Montag, Januar 25, 2010

Islamophobie: Schlecht für die Juden

Es gibt schlechte Nachrichten für die Handvoll jüdischer Publizisten, die Islamophobie stützen oder verharmlosen, sowie ihren antideutschen Anhang, während die Positionen etwa von Wolfgang Benz (Zentrum für Antisemitismusforschung) und des Zentralrats der Juden in Deutschland gestärkt werden: Eine weitere Studie belegt, dass mit islamophobem Gedankengut auch antisemitische Einstellungen zunehmen. Das ist nicht nur deshalb keine große Überraschung, weil es schon seit einiger Zeit Erkenntnisse darüber gibt, dass Antisemitismus und Islamophobie gerade gleichermaßen ansteigen (ich habe in meinem Blog darüber berichtet). Vor allem zeigt sich, dass, wer eine Minderheit hasst, sich auch bei einer anderen nicht zurückhält – das Problem bei der Islamophobie sind eben nicht die zahllosen friedlichen Muslime, sondern die Fremdenfeinde, deren wachsende Verunsicherung durch eine globale Gesellschaft in immer stärkere Ressentiments umschlägt. Die Parallelen von Antisemitismus und Islamophobie mittels perfider Anfeindungen gegen Benz & Co. tabuisieren zu wollen dürfte damit langfristig scheitern.

Die Washington Post berichtet:

A poll about Americans' views on Islam concludes that the strongest predictor of prejudice against Muslims is whether a person holds similar feelings about Jews.

(…) The poll, conducted in the fall, is the latest large-scale survey to find a high level of anti-Muslim sentiment in the United States. The Pew Forum on Religion and Public Life released a poll in September showing that Muslims are thought to suffer more discrimination than any other U.S. religious group, by a wide margin. Jews were second.

(…) In the Gallup poll, respondents who said they feel "a great deal" of prejudice toward Jews are very likely to report feeling the same level of bias toward Muslims.

(…) In a note accompanying the poll results, Gallup makes the argument that Americans' prejudice against Muslims is at least partly fueled by misinformed beliefs. For example, people who believe Muslims worldwide oppose equal rights for men and women tend to be much more likely to report prejudice against Muslims.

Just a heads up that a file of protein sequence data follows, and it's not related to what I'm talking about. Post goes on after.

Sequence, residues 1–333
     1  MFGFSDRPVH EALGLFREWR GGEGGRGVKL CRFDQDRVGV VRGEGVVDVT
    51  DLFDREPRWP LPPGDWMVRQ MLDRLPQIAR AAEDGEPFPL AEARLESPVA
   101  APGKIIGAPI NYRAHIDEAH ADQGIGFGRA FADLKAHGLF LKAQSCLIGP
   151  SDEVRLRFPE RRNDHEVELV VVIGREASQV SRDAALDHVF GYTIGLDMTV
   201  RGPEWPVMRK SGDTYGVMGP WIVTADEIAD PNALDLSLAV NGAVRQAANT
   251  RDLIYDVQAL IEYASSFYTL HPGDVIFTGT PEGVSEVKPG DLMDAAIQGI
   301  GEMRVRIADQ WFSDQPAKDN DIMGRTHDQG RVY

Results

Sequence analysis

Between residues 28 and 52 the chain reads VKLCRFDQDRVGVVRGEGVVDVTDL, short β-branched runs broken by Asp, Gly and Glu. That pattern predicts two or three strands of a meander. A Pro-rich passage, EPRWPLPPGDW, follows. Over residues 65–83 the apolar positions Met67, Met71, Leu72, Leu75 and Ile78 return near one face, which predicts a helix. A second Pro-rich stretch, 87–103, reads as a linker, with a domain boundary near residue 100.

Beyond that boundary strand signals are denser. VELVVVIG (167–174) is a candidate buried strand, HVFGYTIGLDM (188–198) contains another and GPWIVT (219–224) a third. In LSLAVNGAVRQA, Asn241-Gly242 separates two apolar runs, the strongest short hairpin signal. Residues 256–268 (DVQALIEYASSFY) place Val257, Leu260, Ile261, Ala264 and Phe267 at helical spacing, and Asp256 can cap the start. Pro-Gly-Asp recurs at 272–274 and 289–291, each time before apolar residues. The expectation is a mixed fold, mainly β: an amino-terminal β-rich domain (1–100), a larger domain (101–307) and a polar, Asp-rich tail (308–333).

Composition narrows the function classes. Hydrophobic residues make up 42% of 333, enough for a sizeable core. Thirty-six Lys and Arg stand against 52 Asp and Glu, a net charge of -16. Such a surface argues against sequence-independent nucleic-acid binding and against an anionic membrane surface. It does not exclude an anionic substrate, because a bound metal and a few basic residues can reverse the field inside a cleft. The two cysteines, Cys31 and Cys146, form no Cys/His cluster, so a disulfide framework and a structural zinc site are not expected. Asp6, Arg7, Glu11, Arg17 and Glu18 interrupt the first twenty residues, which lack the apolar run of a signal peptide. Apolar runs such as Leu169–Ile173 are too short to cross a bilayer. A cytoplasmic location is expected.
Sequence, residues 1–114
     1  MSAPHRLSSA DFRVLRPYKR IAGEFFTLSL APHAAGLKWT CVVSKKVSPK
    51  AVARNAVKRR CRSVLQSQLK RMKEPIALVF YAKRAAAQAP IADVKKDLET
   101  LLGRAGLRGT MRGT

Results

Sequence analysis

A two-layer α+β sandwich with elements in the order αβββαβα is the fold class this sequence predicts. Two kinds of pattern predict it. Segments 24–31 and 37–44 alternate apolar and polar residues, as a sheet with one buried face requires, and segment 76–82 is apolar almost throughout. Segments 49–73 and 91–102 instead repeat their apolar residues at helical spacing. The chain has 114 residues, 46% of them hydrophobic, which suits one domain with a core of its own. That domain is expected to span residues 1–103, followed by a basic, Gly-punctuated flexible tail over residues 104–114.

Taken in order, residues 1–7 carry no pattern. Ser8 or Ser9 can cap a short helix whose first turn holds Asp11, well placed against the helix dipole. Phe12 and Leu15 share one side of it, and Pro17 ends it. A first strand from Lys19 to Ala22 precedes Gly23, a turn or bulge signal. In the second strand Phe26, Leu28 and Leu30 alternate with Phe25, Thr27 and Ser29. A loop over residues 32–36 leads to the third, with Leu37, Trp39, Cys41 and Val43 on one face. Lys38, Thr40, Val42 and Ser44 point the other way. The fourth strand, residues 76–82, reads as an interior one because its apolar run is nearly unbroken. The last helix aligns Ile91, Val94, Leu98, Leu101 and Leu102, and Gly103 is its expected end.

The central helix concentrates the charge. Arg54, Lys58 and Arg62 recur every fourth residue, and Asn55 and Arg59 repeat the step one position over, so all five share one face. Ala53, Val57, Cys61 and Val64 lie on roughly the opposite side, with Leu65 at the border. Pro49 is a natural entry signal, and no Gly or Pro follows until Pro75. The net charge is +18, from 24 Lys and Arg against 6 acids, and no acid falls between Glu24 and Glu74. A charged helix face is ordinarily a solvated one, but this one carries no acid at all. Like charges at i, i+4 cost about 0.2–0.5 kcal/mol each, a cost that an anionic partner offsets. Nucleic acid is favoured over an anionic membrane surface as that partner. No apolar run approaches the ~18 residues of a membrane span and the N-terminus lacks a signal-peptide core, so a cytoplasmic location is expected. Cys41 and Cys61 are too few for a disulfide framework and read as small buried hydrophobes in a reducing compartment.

Data from other Gallup interviews that were not part of the most recent poll show that majorities of Muslims in Iran, Egypt and Saudi Arabia, among other places, say that women and men should have equal legal rights.

Das Anti-War-Blog kommentiert diese Erkenntnisse mit Ausführungen, die sich auch Henryk Broder und sein Klüngel hinter den Spiegel stecken sollten:

While the poll deals with the American rather than the European context, it is a reminder that Islamophobia and anti-Semitism have typically gone hand in hand. This is worth remembering when looking at the rise of European far-right leaders like Jean-Marie Le Pen of France and the late Jorg Haider of Austria. Hostility to Muslim immigrants forms the centerpiece of their political stance, but their parties have also tended to espouse anti-Semitism and Holocaust denial — a reminder of their neo-fascist roots.

But this anti-Semitism has quite naturally prevented them from making common cause with neoconservatives and other right-wing Zionists in America, whose militant stance towards “Islamism” (very broadly defined) would otherwise make them natural allies of the European far right. Hence we have seen in recent years that the savvier of the European far right leaders — such as Filip Dewinter of the Flemish separatist party Vlaams Belang (VB) — have dropped the explicitly anti-Semitic elements of their platforms and doubled down on Islamophobia. They realize that by portraying themselves as staunch supporters of Israel and allies in the war against Islamofascism, they can acquire a new set of influential and well-connected supporters in America — the likes of Daniel Pipes, Mark Steyn, Frank Gaffney, etc. (…)

While focusing on Islamophobia rather than anti-Semitism is certainly a savvy move, whether it is sincere is another question. The VB, for example, is a successor to the Vlaams Blok, which disbanded in 2004 after being convicted of “repeated incitement to discrimination”; its fall was precipated by top VB official Roeland Raes’s widely-publicized Holocaust denial on Dutch television. Despite the VB’s claims to have cleaned up its act since the Raes scandal, the Belgian Jewish community isn’t buying it. They maintain that, regardless of whatever philo-Semitic noises the top leadership makes in public, the group has a clear pattern of associating with anti-Semitic and neo-fascist elements. (Right-wing apostate Charles Johnson has in recent years provided the most thorough coverage of the devil’s bargain that the American Islamophobic right has made with the European far right.) Similarly, although Wilders himself does not come from the neo-fascist milieu, there can be little doubt that his base of popular support contains many of the same elements as Le Pen’s and Haider’s.

All this is to say that Daniel Pipes and his compatriots are playing with fire when they embrace Wilders and other European Islamophobes. While the European far right has proven increasingly willing to say the right things about Jews for tactical reasons, all indications are that hatred of Muslims frequently goes hand-in-hand with hatred of Jews.